It’s easy enough to fall in love with many of the older homes you may find among real estate listings in Quebec City. The city’s European charm is one of its attractive qualities. Along with the historic buildings and cobblestone streets, you can easily find alluring houses that showcase their undeniable character. You may envision yourself fixing any of these houses up, and you may even want to rent them out to vacationers.
Many of these places feature Old World craftsmanship that you may not easily find among newer houses. The city is more than 400 years old, and you may find lots of old homes that have stood proud and tall with their characteristic French flair.
Just bear in mind that you need to make sure you get a proper home inspection, and you may need a structural engineer to ascertain the place doesn’t have any major problems that you may not be able to overcome easily.
These homes are old. And with age comes problems that you need to face:
Foundation issues. Even new houses can have problems with the foundation after it has settled into the ground. With older homes, this issue is even more crucial.
One issue is the problem of sulfate attack. This is when the foundation cracks and crumbles due to a chemical reaction between the concrete and the soil. Modern homes are generally built with concrete that’s designed to resist this destructive phenomenon, but older homes may have foundations that have been seriously damaged by this chemical reaction.
The other main issue is that with older houses the center beam may start to sink simply because of wear and tear through the years. This can result in sloping floors, bowed walls, and sagging roofs.
Any of these issues can require thousands of dollars to fix, as the foundations may have to be replaced. It will depend on the size of the house.
Outdated electrical wiring. This is another obvious issue, though even really old houses do have electrical wiring. But you need an electrician and a home inspector to check that you don’t have any problems with overloaded circuits and faulty wiring. You may need to have some extra outlets added to accommodate your many electronic gadgets.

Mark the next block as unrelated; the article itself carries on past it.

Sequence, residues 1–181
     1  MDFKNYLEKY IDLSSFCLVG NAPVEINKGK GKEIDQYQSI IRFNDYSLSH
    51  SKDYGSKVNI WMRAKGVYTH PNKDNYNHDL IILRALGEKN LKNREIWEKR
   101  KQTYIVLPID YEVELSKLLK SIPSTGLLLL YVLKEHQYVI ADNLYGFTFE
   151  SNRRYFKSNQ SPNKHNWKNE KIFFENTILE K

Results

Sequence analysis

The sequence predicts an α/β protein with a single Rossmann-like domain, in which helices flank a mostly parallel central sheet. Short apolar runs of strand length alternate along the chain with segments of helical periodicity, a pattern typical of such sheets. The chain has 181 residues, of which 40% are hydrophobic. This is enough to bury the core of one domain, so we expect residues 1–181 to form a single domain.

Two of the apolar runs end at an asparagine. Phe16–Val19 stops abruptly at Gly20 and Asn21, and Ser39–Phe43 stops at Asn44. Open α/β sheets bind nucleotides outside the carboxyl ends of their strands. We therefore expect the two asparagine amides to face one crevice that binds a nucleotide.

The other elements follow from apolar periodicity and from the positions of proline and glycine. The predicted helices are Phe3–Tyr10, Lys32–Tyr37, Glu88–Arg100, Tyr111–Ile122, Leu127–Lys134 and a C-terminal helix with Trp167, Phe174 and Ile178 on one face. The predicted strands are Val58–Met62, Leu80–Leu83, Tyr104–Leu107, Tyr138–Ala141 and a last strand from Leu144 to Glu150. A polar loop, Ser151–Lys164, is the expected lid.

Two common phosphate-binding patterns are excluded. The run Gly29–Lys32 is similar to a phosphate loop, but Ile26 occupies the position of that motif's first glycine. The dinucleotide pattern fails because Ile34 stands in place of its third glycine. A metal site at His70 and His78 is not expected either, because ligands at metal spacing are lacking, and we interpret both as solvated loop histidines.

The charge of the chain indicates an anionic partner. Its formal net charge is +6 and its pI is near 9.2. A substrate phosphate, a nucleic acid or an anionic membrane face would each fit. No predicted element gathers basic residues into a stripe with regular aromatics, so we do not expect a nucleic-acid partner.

Homes that were built in the late 1960s up to the mid-1970s also tended to use aluminum wiring, which was more affordable than copper wiring. But you may have to replace the wiring because it turned out that aluminum wiring was actually a serious fire hazard.
Galvanized pipes. Many older homes have galvanized pipes, and unfortunately, these pipes tend to rust out eventually. That’s why many home insurance companies may not offer you water cover damage if your home has these pipes.
Asbestos. Thanks to the highly publicized asbestos civil suits, most people now know that asbestos is and for your health. But this was only discovered in the mid-1970s, and many homes in Quebec City were built before that time. So you may have asbestos all over the home.
Lead paint. This is another toxic material that you may still find in old homes. It was quite popular until the mid-1950s. You will need a professional renovation service to strip the paint so that you can live in your old home safely.
None of these problems should be deal-breakers, as you may factor them into the final price of the home. Just make sure that you know what to expect when you’re scouring real estate listings for the charming old home you want to live in.